Juan Morales (University of Toronto)
22 February 2017 @ 12:00
“Legislating During War: Conflict and Politics in Colombia”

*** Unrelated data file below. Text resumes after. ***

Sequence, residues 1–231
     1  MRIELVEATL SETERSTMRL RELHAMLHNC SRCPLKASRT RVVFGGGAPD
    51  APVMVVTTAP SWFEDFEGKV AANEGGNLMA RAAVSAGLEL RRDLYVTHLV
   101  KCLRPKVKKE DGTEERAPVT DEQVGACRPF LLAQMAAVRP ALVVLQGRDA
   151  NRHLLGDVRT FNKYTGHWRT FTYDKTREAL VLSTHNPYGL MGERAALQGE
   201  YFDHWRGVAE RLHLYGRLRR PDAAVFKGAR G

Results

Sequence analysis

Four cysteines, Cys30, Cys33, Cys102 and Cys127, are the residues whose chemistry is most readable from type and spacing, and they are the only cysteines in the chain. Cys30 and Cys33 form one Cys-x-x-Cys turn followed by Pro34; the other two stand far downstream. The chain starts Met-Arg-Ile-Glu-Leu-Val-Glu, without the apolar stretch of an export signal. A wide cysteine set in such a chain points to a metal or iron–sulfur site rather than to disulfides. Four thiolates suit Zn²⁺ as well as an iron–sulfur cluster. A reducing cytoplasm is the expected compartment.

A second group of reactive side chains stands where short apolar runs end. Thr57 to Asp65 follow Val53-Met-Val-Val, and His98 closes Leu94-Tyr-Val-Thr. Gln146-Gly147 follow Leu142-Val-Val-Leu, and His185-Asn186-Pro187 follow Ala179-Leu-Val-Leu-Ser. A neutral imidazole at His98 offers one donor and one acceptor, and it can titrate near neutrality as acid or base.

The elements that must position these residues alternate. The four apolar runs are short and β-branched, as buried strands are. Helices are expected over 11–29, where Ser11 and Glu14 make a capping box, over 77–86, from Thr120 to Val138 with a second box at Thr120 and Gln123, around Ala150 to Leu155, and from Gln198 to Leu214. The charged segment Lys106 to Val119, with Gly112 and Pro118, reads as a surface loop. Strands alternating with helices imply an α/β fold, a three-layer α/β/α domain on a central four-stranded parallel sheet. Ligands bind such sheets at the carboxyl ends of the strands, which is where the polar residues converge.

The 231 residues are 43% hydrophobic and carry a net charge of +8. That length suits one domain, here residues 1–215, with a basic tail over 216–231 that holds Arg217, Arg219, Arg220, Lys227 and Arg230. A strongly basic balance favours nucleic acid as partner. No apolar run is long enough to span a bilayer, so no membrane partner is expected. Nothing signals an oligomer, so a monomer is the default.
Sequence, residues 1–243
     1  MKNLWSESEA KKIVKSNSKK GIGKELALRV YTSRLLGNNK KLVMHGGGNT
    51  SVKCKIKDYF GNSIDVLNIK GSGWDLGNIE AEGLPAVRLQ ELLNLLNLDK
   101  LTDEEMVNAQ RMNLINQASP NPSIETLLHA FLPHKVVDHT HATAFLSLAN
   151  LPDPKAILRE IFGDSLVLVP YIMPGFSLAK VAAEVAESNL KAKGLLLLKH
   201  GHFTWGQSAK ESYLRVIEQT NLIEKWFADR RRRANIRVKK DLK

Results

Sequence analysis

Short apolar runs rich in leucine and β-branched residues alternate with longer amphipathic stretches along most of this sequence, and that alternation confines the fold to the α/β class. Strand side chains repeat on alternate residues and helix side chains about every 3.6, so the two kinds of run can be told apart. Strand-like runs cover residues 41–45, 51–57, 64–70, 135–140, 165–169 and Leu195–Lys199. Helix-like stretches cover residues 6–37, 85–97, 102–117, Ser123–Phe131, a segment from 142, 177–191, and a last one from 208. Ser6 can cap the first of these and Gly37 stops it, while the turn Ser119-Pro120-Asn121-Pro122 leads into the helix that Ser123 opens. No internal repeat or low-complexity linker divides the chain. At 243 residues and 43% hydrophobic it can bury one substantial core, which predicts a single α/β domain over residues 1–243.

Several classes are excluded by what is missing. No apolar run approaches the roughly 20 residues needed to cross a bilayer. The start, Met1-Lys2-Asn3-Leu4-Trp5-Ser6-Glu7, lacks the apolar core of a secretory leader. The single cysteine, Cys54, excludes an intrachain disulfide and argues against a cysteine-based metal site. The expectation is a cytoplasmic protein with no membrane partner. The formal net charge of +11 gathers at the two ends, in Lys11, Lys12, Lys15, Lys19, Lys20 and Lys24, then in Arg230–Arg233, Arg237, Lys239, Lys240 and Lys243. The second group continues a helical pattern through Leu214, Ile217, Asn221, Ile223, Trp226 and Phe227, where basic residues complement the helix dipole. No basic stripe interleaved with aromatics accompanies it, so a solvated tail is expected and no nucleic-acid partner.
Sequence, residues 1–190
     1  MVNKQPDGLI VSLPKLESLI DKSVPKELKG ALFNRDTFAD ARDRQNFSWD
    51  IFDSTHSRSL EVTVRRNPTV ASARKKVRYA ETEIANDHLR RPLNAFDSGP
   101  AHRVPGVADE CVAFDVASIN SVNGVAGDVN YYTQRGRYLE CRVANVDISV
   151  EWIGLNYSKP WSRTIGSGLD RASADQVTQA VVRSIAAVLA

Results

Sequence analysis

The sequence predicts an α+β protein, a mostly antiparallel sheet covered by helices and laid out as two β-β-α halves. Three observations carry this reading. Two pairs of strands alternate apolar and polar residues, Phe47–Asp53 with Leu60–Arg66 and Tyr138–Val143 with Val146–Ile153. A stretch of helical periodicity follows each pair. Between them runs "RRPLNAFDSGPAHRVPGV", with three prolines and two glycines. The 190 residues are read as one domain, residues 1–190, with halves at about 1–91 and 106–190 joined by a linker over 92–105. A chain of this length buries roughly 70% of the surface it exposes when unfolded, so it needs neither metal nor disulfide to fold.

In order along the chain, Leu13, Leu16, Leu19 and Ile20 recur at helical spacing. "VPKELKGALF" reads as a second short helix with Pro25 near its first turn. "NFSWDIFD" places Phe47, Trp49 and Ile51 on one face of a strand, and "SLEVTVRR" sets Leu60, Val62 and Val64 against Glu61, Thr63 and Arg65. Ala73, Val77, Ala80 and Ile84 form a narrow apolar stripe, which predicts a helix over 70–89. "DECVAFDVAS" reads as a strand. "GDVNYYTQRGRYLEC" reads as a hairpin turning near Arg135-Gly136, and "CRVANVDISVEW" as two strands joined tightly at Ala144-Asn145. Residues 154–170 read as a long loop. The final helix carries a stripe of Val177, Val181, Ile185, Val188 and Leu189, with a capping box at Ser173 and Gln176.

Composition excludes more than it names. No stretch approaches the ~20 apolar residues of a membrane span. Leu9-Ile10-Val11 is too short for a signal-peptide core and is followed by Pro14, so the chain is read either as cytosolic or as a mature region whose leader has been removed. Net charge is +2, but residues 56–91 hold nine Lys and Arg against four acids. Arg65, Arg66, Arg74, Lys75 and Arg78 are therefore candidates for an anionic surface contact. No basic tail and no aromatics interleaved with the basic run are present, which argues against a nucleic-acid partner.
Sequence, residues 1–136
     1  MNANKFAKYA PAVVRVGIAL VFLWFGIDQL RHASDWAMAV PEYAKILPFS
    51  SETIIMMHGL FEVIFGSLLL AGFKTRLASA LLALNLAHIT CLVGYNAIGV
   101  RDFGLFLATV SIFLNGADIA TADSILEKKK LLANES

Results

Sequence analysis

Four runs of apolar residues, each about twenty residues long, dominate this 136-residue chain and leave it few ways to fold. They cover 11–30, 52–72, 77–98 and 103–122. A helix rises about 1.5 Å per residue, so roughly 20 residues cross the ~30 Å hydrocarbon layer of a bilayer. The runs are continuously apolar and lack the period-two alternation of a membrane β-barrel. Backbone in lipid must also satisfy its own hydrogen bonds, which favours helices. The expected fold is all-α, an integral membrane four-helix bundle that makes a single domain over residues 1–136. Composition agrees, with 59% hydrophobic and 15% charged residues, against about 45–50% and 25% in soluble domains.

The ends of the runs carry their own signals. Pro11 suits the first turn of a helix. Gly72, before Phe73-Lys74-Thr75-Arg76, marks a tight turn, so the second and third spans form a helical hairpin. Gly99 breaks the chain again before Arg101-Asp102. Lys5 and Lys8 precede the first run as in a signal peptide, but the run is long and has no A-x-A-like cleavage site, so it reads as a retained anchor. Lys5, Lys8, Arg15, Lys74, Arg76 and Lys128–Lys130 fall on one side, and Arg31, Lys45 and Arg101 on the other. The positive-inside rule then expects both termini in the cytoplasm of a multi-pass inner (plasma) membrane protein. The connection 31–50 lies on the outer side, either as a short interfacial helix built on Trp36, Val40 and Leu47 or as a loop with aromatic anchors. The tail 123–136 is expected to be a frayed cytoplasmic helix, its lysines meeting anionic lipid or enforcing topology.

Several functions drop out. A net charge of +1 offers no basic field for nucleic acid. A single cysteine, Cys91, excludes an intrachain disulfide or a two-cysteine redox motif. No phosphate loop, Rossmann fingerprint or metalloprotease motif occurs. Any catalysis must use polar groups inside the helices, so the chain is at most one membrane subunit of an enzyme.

For many countries, the escape from weak governance and cycles of violence is today the most challenging step in their path to prosperity. This paper studies an important aspect of this challenge: the relationship between civil conflict and congressional decision-making. I study this relationship in the context of Colombia, an electoral democracy currently undergoing a peace process to resolve what is the longest enduring conflict in the Americas. More specifically, I examine how politicians and their constituents respond to attacks by FARC, Colombia’s largest rebel group. To measure these responses, I use data from politicians’ Twitter accounts and roll-call voting records, and employ both an event study and a difference-in-differences research design. I use text analysis to measure the ”political leaning” of politicians’ tweets, and find that both tweets from incumbent politicians and tweets which exhibit “right-wing” language receive higher user engagement (a proxy for popular support) following rebel attacks. The legislative decision-making responses are more complex. Before the government started negotiations with the rebels, politicians in congress were more likely to align their legislative votes with the right-leaning ruling party following an attack. However, this relationship breaks down after the start of the peace process. In addition, politicians are more responsive to attacks which occur in their electoral district. The empirical results are consistent with a political economy model of legislative behaviour in which events that shift median voter preferences, and the presence of rally ’round the flag effects, elicit different politician responses depending on the policy position of the ruling party.